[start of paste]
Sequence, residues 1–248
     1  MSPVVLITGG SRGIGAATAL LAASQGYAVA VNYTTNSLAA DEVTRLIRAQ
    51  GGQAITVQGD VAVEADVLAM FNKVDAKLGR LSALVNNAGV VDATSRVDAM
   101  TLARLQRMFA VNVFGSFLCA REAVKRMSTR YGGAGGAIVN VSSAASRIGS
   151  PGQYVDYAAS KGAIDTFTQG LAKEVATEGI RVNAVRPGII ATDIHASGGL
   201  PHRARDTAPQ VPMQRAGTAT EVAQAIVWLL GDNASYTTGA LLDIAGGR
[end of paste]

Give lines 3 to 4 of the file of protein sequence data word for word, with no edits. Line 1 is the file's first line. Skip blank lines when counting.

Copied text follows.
    51  GGQAITVQGD VAVEADVLAM FNKVDAKLGR LSALVNNAGV VDATSRVDAM
   101  TLARLQRMFA VNVFGSFLCA REAVKRMSTR YGGAGGAIVN VSSAASRIGS